The summer months are a busy time for any producer, and poultry is no exception.

Like any pet, wild or production animal heat has an impact on their health.

The heat even effects the poultry – even indoors.

The Heat: Heat is a factor to stressful conditions for birds, but humidity is just as important.

“Many times we focus on keeping the birds cool during the hottest part of the day, but a very stressful time is when the sun goes down and it starts to cool off. This is when the humidity will spike up and can reach 80 to 100 percent because the cooler air can’t hold as much moisture as warmer air,” said Susan Watkins, Distinguished Poultry Science Professor with University of Arkansas’ Division of Agriculture.

One source thermoregulation for birds is evaporation. Birds aid in the evaporation process by panting, moving the air quickly out of the bird’s lungs.

“Since birds must pant to get rid of excess heat, the humidity component is important because if the humidity is high, then it is hard for the birds to add the heat from their breath into the already saturated air,” she said.

Watkins said the poultry industry uses the number 160.

“When the temperature and humidity add up to 160, birds are experiencing stressful environmental conditions that can jeopardize their life,” Watkins said.
For larger birds, like market age broilers or breeders, temperatures reaching near 90 to 100 degrees can cause birds to experience stressful conditions.

The Problem: When it is hot outside, humans have a suppressed appetite and tend to eat less. The same instance happens with poultry when they put out a lot of effort to keep cool.

“If it does get really hot and they are spending a great deal of time panting, then the birds will not eat much and between the heat stress and depressed appetite, they can stop laying or more likely, experience a drop in egg production, particularly broiler breeders,” Watkins said.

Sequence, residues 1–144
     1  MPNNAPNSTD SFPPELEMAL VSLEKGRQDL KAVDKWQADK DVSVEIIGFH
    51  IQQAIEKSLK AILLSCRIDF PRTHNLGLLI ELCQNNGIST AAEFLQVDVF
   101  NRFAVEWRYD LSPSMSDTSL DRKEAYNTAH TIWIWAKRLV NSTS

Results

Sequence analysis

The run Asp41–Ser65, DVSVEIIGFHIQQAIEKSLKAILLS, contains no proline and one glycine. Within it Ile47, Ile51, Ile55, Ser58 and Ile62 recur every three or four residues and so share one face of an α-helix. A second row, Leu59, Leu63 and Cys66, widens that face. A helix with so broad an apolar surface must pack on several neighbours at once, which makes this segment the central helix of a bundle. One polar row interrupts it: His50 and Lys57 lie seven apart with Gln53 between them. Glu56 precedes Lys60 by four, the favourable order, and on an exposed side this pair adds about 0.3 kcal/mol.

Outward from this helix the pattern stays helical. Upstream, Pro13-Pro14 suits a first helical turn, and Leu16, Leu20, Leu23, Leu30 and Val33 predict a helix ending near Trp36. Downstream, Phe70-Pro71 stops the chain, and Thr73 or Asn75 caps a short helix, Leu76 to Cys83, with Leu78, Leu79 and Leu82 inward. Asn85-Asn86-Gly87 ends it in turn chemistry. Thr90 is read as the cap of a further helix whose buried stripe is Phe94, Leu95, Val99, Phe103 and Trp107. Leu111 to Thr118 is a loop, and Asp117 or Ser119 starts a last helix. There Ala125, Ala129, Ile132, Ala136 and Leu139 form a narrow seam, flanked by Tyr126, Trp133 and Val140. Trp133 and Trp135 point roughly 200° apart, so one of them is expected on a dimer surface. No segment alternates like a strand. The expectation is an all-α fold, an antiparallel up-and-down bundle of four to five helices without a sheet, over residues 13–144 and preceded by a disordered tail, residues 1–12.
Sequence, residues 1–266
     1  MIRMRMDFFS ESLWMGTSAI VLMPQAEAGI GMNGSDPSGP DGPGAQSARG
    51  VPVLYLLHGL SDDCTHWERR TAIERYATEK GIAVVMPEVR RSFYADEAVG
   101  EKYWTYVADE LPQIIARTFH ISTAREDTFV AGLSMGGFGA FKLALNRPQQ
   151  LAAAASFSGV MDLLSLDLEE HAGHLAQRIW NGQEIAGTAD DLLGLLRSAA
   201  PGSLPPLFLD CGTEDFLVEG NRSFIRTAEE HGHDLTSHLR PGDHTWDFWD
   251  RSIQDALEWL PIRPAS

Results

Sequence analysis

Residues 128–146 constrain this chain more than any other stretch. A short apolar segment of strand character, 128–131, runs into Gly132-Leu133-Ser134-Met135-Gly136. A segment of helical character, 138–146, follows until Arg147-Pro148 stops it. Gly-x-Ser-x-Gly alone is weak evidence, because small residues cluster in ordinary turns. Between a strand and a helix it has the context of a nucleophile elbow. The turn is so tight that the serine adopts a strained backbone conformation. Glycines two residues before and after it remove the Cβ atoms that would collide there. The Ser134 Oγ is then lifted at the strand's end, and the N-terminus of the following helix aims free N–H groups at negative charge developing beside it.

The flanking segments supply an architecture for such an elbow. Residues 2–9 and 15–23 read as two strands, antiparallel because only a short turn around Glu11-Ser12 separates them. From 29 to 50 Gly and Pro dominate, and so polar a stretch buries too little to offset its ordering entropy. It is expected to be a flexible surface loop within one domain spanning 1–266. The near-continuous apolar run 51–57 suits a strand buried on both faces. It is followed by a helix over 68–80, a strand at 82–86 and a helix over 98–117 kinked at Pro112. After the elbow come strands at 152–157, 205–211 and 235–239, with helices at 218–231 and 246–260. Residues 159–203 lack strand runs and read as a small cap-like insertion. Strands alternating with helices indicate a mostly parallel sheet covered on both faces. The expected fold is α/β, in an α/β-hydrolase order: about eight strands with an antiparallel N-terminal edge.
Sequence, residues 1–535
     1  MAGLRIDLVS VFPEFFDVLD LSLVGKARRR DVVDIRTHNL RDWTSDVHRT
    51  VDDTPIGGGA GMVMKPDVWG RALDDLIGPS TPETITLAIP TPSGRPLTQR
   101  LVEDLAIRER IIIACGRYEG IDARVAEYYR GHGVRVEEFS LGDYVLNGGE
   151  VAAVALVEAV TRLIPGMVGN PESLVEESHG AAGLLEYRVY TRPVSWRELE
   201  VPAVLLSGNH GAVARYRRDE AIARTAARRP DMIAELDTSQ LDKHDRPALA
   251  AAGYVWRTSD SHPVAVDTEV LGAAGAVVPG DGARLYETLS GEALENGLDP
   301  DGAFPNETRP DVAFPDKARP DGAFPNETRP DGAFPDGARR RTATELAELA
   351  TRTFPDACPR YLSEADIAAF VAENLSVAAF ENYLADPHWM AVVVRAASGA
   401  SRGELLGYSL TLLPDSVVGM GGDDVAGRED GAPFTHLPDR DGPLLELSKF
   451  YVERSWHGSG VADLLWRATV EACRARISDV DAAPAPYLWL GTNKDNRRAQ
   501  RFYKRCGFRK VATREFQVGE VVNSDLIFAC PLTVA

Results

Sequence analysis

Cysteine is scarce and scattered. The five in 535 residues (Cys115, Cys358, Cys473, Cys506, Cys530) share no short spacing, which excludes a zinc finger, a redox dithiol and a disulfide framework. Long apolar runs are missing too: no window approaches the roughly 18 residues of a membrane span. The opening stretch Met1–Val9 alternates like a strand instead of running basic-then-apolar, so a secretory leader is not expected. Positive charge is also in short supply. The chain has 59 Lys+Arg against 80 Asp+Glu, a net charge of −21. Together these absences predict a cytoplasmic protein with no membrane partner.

For broilers, heat plays a major role in production as well. If the broilers are spending all their energy trying to stay cool, they will not gain weight.

“It takes a lot of energy to cool themselves and this will have a big impact on feed conversion because calories are going for cooling not growth,” Watkins said.

The Solution: What can producers do to help cool birds? Ventilation is a major role in commercial houses to keep the air flow going to cool the birds.

“The biggest things commercial poultry producers can do to minimize the impact of hot days is have adequate wind speed in tunnel ventilated houses,” Watkins said. “Make sure the houses are tight and well insulated so hot air does not leak in and make sure the cool cells are in good working condition.”

Watkins said cool cell maintenance is crucial for good air flow.

Cool cells that are clogged or have buildup reduce the cooling of the tunnel barn.

“As cool cells evaporate water, minerals concentrate in the recirculation tank and this can cause the pH of the water to increase,” Watkins said. “This rising pH is what makes if favorable for mineral build-up or the other extreme where the water virtually becomes lye soap and eats the resin out of the pads causing them to sag.”
Sprinklers – in place of foggers – cause houses to be less humid and more comfortable for the birds and use less water than cool cells.

“Sprinklers are a tool that can certainly be helpful particularly when the temperatures outside are in the 85-95 F range,” Watkins said. For temperatures higher than 95 cool cells will be necessary.


Please enter your comment!
Please enter your name here